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Porsche aims to save gas, cash, and environment

14 November, 2016

German automaker Porsche have announced that they will be unveiling the latest incarnation of their Panamera luxury-saloon range, which features a new 243kW (330hp) V6 turbo petrol engine, claimed to cut fuel consumption and emissions, at the Los Angeles Auto Show to be held over November 18–27.

Although still fossil-powered, this latest announcement claims Porsche’s new V6 turbo engine is designed to be highly efficient and remain an agile entry-level addition to their existing range of engine options. Porsche has advised that power has been upped by 20hp from the previous Panamera generation while reducing fuel consumption and CO2 emissions by completely redeveloping the six-cylinder powerhouse inside and out. The result produces up to 7.6 litres of fuel consumed per 100km and up to 173g per square kilometre of CO2 emissions. That’s a betterment of around one litre of fuel consumed per 100km — not bad, Porsche.

This new 243kW (330hp) is combined with rear-wheel drive in the Panamera, and the Panamera 4 version features an all-wheel drive system, plus an additional longer-wheelbase model known as the Panamera 4 Executive. While the Panamera and the Panamera 4 are suited for weekend leisurely drives, the larger Executive model focuses on the luxury side of things, and you can expect to look pretty suave being driven around in the chauffeur-designed saloon — if you’re that way inclined.

Also available in the all-wheel drive versions are the Panamera 4 E-Hybrid Executive (340kW/462hp), Panamera 4S Executive (324kW/440hp), and Panamera Turbo Executive (404kW/550hp). The existing summer 2016 line-up consists of the Panamera 4S, Panamera 4S Diesel, Panamera 4 E-Hybrid, and Panamera Turbo. 

As the range continues to develop, we can expect even more fuel-efficient versions to be included. Meaning less time between visits to the pump and more dollars in your wallet for longer — the ease on the environment isn’t a bad feature either.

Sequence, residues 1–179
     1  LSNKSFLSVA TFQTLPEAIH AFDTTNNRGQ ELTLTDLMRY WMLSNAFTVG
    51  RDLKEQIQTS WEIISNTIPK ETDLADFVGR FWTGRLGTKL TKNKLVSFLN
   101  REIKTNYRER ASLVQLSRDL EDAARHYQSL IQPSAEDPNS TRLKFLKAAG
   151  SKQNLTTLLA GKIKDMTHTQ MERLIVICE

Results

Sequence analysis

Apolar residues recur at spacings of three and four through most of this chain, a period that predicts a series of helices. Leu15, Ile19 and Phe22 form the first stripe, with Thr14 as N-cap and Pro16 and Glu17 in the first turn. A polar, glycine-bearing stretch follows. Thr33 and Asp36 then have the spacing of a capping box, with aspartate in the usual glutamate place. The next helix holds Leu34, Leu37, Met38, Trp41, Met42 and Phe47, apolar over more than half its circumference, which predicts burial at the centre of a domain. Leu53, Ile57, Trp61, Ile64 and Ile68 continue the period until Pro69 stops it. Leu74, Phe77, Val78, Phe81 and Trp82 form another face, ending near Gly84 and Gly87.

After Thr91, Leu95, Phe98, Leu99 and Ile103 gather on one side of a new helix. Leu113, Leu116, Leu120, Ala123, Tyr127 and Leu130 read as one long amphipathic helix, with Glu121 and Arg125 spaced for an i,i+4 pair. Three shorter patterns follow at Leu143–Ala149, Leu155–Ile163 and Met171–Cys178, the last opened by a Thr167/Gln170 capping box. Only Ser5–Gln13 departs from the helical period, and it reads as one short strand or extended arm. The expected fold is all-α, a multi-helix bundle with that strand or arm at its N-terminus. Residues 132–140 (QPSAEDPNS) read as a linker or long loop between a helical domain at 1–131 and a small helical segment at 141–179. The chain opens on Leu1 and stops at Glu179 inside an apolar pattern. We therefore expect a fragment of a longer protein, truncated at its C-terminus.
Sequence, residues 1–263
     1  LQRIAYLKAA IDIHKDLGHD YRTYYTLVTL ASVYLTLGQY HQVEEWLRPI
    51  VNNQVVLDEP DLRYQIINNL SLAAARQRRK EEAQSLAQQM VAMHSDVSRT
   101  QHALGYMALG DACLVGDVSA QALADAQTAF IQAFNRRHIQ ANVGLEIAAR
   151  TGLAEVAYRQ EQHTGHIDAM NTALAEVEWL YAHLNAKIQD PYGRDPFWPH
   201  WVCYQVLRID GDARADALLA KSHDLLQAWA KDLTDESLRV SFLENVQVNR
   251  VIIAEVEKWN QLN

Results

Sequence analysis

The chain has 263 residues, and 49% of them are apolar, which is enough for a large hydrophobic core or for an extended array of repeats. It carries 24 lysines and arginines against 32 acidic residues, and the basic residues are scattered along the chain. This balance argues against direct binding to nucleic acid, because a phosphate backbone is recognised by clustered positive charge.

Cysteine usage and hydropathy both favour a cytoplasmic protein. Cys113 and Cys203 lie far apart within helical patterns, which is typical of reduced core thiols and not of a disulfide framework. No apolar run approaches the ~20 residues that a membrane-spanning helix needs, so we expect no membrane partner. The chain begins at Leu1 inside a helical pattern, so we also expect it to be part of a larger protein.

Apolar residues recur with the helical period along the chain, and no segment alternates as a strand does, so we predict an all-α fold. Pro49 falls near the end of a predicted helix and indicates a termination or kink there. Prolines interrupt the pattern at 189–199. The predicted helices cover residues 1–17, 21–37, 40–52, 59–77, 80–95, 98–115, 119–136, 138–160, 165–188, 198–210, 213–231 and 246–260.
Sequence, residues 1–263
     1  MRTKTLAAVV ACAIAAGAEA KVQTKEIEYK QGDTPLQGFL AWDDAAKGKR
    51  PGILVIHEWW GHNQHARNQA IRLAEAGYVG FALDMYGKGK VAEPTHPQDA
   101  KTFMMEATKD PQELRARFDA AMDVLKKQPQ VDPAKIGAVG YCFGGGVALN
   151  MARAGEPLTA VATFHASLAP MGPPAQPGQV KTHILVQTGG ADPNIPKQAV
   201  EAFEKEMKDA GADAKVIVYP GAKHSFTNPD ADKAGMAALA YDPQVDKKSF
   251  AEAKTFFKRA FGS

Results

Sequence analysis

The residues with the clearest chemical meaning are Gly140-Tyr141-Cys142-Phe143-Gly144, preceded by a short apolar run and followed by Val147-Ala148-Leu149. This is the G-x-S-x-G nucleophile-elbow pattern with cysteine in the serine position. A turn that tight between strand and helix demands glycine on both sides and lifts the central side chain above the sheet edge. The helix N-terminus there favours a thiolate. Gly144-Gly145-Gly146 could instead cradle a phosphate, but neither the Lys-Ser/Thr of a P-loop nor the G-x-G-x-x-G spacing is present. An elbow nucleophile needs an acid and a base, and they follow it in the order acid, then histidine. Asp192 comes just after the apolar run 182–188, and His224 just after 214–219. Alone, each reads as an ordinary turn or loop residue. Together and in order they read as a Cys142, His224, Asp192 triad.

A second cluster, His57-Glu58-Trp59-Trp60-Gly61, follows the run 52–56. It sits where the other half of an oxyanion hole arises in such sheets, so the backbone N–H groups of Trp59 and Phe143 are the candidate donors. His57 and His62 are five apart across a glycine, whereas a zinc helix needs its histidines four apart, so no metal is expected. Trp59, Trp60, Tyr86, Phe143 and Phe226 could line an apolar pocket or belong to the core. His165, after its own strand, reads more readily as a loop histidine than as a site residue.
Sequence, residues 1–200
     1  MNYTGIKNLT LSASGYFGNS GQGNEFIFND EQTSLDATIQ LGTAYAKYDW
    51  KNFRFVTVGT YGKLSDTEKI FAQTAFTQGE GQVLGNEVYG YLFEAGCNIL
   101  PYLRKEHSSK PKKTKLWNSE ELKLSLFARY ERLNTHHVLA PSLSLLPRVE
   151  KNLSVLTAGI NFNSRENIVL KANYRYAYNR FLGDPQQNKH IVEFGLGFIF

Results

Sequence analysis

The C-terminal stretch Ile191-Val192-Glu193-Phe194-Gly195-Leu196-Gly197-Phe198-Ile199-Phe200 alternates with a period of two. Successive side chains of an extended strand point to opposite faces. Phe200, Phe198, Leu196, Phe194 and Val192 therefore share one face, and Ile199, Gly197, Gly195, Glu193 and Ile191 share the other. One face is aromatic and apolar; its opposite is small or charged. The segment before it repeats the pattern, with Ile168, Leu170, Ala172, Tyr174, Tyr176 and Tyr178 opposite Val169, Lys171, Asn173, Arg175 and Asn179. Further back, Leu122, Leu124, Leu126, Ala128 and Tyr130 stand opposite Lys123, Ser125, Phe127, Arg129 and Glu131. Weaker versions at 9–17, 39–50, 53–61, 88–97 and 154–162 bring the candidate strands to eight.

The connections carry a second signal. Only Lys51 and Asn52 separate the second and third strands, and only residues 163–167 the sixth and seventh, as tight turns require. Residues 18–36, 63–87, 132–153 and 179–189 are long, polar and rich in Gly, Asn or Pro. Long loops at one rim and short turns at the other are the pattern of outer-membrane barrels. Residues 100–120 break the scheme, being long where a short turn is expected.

Technical jargon

  • Panamera: fuel consumption combined 7.5–7.6 litres per 100km; CO2 emissions of 171–173g per square kilometre. 
  • Panamera 4: fuel consumption combined 7.7–7.8 litres per 100km; CO2 emissions of 175–176g per square kilometre.
  • Panamera 4 Executive: fuel consumption combined 7.8–7.9 litres per 100km; CO2 emissions of 178–180g per square kilometre.
  • Panamera 4S: fuel consumption combined 8.1–8.2 litres per 100km; CO2 emissions of 184–186g per square kilometre.
  • Panamera 4S Diesel: fuel consumption combined 6.7–6.8 litres per 100km; CO2 emissions of 176–178g per square kilometre.
  • Panamera 4S Executive: fuel consumption combined 8.2–8.3 litres per 100km; CO2 emissions of 187–189g per square kilometre.
  • Panamera Turbo: fuel consumption combined 9.3–9.4 litres per 100km; CO2 emissions of 212–214g per square kilometre.
  • Panamera Turbo Executive: fuel consumption combined 9.4–9.5 litres per 100km; CO2 emissions of 215–217g per square kilometre.
  • Panamera 4 E-Hybrid: fuel consumption combined 2.5 litres per 100km; CO2 emissions of 56g per km; electricity consumption combined 15.9kWh per 100km.
  • Panamera 4 E-Hybrid Executive: fuel consumption combined 2.5 litres per 100km; CO2 emissions of 56g per km; electricity consumption combined 15.9kWh per 100km.

Images: Porsche

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John Ball has always enjoyed tinkering with old boats and cars. He’s old enough to think having gearbox parts on newspaper on the floor of his bedroom, while the relevant car sat waiting on nail boxes, was a normal part of growing up. His passion has always tended towards old British bangers. He reckons he’s fortunate not to have got caught up in the American muscle scene.
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